NATO va deschide un centru de instruire în Georgia și va implementa “unități de comandă” în Europa de Est

NATO to open Georgia training centre and deploy ‘command units’ in Eastern Europe

NATO Deputy Secretary General Alexander Vershbow announced during a speech in Tbilisi on 30 January 2015 that the alliance intends to open a new military training centre in Georgia by the end of the year. The new training centre is part of a package of measures to boost Georgia’s defence capabilities agreed at the NATO Wales Summit in September last year. This effort to strengthen both NATO’s relationship with Georgia and the nation’s military capabilities is likely to add to existing NATO-Russia tensions.

“The Centre could host live and simulated training and certification for Allied and partner military units, in particular for units committed to the NATO Response Force,” Vershbow said. “And it could also host exercises and training in support of our Connected Forces initiative”.
Georgia’s military was largely destroyed during the brief 2008 Russian-Georgian War, which led to the de facto secession of the Republics of South Ossetia and Abkhazia from Georgia. Although NATO has already agreed in principle that Georgia should one day become a member, these efforts have been on hold since the 2008 conflict. This is because the alliance generally does not accept states whose national boundaries are not under direct control.

Georgia is crossed by pipelines that carry Caspian oil and gas from Azerbaijan to Europe, and has regularly contributed troops to support the NATO mission in Afghanistan.

Meanwhile, with the ongoing Ukraine civil war, NATO is seeking to build-up capabilities in Eastern Europe, and planning to establish new command centres close to the Russian frontier. The NATO Secretary General announced on 30 January 2015 that NATO will deploy small units in six Eastern European nations (Estonia, Latvia, Lithuania, Poland, Bulgaria and Romania) to help co-ordinate a spearhead force set up in response to Russia’s actions in Ukraine. NATO defence ministers will further discuss the full spearhead force when they meet on 5 February.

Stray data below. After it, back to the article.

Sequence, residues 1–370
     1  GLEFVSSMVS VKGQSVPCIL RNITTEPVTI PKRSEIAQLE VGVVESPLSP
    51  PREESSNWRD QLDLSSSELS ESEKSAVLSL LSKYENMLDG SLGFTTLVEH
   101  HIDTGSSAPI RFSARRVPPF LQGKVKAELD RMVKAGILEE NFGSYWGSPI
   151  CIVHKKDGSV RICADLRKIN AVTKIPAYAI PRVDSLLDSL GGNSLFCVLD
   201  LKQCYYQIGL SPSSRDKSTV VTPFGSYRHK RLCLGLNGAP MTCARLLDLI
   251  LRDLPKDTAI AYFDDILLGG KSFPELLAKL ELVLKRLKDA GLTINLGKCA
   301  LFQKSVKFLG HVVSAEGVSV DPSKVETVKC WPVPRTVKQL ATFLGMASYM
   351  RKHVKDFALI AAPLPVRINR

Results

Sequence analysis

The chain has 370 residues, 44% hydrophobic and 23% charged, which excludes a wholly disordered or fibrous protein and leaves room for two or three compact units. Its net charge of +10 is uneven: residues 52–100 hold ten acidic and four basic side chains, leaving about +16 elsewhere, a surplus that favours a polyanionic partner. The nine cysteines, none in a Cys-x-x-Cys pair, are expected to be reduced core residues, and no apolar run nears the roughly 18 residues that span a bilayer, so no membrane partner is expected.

The forward units will comprise a few dozen personnel to plan and organize military exercises, and provide command and control for any reinforcements the force might require. France, meanwhile, has pledged tanks and armoured vehicles to bolster NATO forces in Poland. The French military equipment is expected to remain in Poland for two months.

Also on Friday, Russia’s top general said a strong nuclear arsenal will ensure military superiority over the West as Moscow forges ahead with a multi-billion dollar plan to modernize its nuclear forces by 2020.

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